This spoke to a paternalistic bent of “I know what is best for you” that no doubt irritated some CSX customers. What is best for shippers is not always what is best for CSX and vice versa.

Of late, Harrison and CSX executives had been touting the improvements that the railroad has made in such metrics as average train speed and dwell time of cars in classification yards.

Some of Harrison’s critics and even his admirers have wondered if precision scheduled railroading could work at CSX with its labyrinth route network and more complex mix of traffic than IC, CN or CP.

We’ll never fully know the answer to that question because Harrison won’t be around to see the process through. His CSX legacy is and always will be incomplete.

He led CSX for less than a year and although the surviving managers are likely to continue the precision scheduled railroading model, they won’t have Harrison around to lean on for guidance, leadership and inspiration.

Whatever successes or failures that CSX has in the coming months and years will be on those managers and not Harrison even if he established the direction that the railroad is going.

I’ve always believed that our society places too much emphasis on the efforts of individual presidents and chief executive officers.

We see them as larger than life figures and tend to attribute to them an organization’s good and bad behavior at all levels.

To be sure, the man or woman at the top sets a tone that percolates downward through the top managers that he or she hired and oversees. Some CEO’s do better at that than others.

Yet the focus on personality can overlook the context in which the top executive operates and might attribute to personality what is actually the work of culture and external forces and how an organization responds to those.

Yes, the personality, talent and skill of the CEO play a role in organizational behavior, but Class 1 railroads are complex organizations that engage in multiple juggling acts to seek to satisfy multiple masters.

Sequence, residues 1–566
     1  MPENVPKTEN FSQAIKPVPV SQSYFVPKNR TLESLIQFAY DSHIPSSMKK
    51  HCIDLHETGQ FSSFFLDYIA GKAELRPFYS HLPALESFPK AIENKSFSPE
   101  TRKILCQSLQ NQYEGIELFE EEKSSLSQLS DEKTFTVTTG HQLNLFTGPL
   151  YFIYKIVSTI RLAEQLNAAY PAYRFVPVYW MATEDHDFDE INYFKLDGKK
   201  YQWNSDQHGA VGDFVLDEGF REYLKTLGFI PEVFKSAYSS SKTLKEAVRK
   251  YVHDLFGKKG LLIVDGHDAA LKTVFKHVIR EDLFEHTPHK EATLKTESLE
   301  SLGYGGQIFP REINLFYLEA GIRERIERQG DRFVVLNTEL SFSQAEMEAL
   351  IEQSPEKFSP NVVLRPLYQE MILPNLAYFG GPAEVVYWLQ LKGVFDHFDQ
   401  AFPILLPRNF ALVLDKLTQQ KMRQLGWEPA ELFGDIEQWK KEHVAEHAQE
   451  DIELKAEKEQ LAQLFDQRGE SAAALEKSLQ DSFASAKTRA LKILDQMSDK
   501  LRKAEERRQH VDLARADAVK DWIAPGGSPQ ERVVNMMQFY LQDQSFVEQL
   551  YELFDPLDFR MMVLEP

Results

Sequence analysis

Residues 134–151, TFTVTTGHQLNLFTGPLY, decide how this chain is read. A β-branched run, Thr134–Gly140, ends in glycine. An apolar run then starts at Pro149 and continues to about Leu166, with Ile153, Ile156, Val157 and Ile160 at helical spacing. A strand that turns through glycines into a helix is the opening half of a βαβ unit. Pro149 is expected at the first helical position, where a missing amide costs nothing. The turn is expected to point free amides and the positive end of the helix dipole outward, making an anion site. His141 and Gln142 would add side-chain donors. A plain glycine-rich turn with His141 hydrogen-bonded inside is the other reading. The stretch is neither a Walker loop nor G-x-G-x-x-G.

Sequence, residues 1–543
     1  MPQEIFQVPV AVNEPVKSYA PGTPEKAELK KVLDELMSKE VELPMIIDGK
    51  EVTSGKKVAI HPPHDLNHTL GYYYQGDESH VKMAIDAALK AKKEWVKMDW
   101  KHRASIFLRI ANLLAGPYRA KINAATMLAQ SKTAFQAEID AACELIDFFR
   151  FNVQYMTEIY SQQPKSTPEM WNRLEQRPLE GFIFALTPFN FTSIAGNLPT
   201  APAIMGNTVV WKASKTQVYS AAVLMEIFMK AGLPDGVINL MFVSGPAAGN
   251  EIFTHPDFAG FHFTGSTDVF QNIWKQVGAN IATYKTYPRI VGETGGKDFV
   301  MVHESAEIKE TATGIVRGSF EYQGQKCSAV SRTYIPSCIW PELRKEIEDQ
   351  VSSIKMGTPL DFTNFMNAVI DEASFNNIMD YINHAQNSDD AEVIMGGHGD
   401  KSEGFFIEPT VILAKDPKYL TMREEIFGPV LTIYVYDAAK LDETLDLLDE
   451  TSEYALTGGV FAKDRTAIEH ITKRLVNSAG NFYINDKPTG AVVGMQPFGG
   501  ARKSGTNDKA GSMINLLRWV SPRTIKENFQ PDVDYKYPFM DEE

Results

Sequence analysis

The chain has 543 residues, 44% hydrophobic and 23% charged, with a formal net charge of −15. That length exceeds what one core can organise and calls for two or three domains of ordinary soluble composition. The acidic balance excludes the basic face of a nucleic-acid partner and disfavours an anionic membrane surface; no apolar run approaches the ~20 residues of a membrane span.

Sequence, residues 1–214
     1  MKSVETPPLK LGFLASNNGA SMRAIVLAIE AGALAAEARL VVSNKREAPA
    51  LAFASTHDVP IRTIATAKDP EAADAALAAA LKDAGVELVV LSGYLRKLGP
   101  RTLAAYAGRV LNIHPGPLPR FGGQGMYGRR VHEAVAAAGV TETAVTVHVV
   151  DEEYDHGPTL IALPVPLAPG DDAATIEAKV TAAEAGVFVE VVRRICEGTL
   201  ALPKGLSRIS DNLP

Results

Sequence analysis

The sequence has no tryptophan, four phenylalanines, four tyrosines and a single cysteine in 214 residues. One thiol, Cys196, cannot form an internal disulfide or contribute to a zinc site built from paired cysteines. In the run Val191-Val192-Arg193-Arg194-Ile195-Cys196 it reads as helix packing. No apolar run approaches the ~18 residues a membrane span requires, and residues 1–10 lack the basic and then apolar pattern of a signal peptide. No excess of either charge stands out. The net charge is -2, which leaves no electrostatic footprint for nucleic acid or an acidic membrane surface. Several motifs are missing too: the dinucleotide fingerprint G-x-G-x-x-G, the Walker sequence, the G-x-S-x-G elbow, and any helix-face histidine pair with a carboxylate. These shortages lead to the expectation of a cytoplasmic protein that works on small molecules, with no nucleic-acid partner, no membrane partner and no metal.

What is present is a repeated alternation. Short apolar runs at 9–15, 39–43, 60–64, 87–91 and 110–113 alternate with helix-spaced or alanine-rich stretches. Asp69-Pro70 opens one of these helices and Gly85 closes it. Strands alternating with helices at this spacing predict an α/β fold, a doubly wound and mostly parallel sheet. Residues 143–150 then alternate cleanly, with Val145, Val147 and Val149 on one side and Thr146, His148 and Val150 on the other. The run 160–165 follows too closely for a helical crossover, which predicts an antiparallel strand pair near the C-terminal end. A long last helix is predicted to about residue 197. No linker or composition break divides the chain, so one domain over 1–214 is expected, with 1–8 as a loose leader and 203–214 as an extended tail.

Whether you thought Harrison did that well or not depends on your perspective as the commentary about his passing well illustrates. But critics and admirers both can agree that he was a towering figure in the railroad industry who stood over many of his peers and will be remembered for much longer than many of them because of his efforts to be a transformative leader.

CSX, Harrison Reported Close to a Deal

March 4, 2017

News reports on Friday indicated the CSX and E. Hunter Harrison are closed to reaching a deal for the former Canadian Pacific head to become CEO of CSX.

CSX logo 1Bloomberg News reported that an announcement could be made as early as next week although the talks between CSX and hedge fund Mantle Ridge over the composition of the CSX board of directors could still collapse.

The reports indicated the two sides were close to reaching an agreement whereby Harrison would begin work immediately for CSX and receive a four-year contract.

CSX shareholders would vote on whether to reimburse Mantle Ridge the $84 million that it paid Harrison to walk away early from CP.

Back in January, several news reports indicated that Harrison agreed to forego tens of millions of dollars to get CP to grant him a limited waiver of a non-compete clause.

CSX and Mantle Ridge have refused to comment on the report.

Numbers, Numbers. How Much is Hunter Worth?

February 20, 2017

When E. Hunter Harrison retired early from Canadian Pacific, news accounts noted that he left millions of dollars on the table in exchange for a limited waiver of a non-compete clause so he could pursue the CSX CEO job.

As it turned out, Harrison did no such thing.

On TransportationThe hedge fund Mantle Ridge agreed to pay Harrison the money he gave up at CP.

Mantle Ridge in turn wants CSX to reimburse it for the cash it guaranteed Harrison for walking away early from CP.

CSX claims that Harrison is seeking a four-year contract worth $300 million. That $75 million a year would make him not just the highest paid North American Class 1 railroad executive but also place him among the highest-paid CEOs in America.